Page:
How It Goes in the Italian Language

Sep 22, 2009

Va bene.
Okay. All right. It’s going well.

    “Va bene” are two words you hear every day in Italy. Va translates as  “goes,” the third-person singular form of andare (to go); bene means well. Anyone you encounter—waiter, sales clerk, concierge, driver, guide—may ask, “Come va?”  (How’s it going?)  If everything’s going well, you respond, “Va bene!”  If things are not just good but great, you can say, “Va benissimo!”

    Things can go a lot of ways in Italy: contro (against), avanti (ahead), indietro (backwards), a rotoli (downhill or to the dogs), or a male (rotten, as in food that spoils).  If something appeals to them, Italians say that it va a genio or a fagiolo (goes to their genius or to their bean).  If they’re absolutely crazy about it, they vanno pazzi (go crazy).  Something that becomes very popular or fashionable va molto (goes a lot).  A friend asking  “ti va…” wants to know if you fancy or feel like doing something. 

    Italians vanno a piedi (go by foot) or vanno in bicicletta (bicycle) in daily life.  Other destinations are figurative. When Italians die, they “vanno ai cipressi” (go to the cypresses or tall trees, which often grow near cemeteries).  Another destination that angry Italians still send their enemies to is “l’inferno” (hell).  Less vulgar alternatives are  “vai al diavolo!” (go to the devil) or “vai a quel paese” (go to that country).  Or you could vai a zonzo (go nowhere).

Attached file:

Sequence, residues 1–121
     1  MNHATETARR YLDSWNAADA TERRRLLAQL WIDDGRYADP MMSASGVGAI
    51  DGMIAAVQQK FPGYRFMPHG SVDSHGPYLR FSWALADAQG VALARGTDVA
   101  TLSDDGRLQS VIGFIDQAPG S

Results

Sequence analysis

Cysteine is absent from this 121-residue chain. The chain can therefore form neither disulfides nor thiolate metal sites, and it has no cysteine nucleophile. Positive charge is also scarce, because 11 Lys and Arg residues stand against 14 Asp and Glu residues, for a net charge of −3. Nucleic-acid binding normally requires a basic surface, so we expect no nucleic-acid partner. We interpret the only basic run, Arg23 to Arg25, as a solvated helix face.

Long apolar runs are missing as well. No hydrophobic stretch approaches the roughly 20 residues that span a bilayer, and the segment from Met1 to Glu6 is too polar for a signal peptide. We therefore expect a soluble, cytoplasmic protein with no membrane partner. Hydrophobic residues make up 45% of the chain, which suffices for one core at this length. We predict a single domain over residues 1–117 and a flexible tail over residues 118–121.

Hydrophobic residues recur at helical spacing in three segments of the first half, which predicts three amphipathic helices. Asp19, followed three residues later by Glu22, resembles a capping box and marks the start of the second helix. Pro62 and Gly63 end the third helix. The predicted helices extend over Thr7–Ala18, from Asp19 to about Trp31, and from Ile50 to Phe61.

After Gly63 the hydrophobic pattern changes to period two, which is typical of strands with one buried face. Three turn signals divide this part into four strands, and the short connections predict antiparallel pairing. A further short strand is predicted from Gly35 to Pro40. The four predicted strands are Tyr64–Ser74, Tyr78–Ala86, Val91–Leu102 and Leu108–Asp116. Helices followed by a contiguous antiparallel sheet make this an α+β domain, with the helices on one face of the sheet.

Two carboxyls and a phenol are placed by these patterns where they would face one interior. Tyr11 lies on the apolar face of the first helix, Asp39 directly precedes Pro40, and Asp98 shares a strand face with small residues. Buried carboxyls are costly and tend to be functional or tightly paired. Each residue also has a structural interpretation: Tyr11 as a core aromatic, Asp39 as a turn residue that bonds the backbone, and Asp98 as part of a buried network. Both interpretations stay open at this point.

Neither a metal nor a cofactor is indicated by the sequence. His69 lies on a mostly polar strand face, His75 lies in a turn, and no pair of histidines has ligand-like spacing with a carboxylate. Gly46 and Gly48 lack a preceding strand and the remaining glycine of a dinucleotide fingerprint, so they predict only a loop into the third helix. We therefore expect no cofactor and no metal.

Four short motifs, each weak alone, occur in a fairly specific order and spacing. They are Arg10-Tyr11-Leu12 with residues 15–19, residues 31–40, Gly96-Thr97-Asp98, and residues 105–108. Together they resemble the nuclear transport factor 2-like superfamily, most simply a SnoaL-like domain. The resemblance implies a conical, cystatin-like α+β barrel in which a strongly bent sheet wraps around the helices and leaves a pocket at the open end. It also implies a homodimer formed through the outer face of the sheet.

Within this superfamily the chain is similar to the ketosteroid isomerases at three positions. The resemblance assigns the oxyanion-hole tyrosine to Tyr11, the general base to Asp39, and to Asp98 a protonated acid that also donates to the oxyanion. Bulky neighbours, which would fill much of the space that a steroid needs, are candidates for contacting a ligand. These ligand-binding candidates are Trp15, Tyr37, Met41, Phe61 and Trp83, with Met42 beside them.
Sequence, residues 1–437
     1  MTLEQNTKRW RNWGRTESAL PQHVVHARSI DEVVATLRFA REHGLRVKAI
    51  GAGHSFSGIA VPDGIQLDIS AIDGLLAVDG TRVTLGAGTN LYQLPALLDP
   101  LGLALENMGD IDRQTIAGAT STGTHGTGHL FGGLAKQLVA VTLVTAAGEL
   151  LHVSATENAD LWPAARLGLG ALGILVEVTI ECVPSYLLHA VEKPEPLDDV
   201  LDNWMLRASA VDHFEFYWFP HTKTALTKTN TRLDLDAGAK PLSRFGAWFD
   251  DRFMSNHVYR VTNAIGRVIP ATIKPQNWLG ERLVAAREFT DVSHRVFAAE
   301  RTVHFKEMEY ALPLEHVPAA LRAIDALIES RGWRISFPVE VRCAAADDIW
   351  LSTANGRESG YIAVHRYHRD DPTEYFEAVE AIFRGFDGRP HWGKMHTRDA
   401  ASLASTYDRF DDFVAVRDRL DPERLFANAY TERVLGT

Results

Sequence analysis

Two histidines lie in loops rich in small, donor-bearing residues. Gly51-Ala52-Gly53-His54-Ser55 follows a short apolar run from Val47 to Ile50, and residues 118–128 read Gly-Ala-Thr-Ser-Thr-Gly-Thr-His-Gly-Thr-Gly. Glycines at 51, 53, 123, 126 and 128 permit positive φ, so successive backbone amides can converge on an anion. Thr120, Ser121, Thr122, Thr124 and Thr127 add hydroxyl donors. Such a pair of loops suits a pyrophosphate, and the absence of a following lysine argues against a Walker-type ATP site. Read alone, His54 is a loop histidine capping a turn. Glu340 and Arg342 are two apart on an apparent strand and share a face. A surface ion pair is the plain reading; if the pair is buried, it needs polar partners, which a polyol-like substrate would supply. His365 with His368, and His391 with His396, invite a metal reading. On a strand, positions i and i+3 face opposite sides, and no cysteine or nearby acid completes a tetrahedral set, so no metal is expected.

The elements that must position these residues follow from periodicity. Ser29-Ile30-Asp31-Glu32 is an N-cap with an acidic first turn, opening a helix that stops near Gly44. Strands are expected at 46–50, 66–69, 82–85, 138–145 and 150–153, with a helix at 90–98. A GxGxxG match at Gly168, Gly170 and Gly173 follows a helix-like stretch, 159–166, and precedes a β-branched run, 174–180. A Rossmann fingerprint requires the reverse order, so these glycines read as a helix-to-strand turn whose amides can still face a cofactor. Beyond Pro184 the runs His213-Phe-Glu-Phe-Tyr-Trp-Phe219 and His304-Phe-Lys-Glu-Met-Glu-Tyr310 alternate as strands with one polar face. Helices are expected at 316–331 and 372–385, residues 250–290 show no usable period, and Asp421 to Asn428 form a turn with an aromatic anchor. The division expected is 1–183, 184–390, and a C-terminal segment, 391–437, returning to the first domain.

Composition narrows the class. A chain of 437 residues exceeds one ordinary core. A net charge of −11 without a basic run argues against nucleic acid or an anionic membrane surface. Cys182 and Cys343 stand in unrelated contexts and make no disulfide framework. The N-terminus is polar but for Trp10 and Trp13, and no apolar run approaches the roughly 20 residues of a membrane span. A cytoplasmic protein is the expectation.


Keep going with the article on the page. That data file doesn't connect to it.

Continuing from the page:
To this day, the phrase andare a Canossa (“to go to Canossa”) means to humble one’s self in a dispute. It dates back almost a millennium to the year 1077. At the time a remarkable woman, the armor-wearing, horse-riding Matilda, gran contessa of Tuscany, ruled over a vast state in central Italy from her castle at Canossa. After years of conflict with Pope Gregory VII, the German king Henry IV crossed the Alps in winter to appear outside its gates as a barefoot penitent seeking absolution from Matilda’s papal guest.  Gregory kept the emperor waiting three days below the snow-swept castle before agreeing to see him.

    The lesson the once-arrogant ruler learned is captured by an Italian proverb: La superbia andò a cavallo e tornò a piedi. Pride went out on horseback and came back on foot.

Sayings and Expressions

andiamo! — let's go

a lungo andare — in the long run

andare a ruba — to go at a steal or sell like hotcakes

andare da se — to go without saying

Vado e torno — I’ll be right back

Chi va piano va sano e va lontano — Who goes slowly goes safely and goes far.

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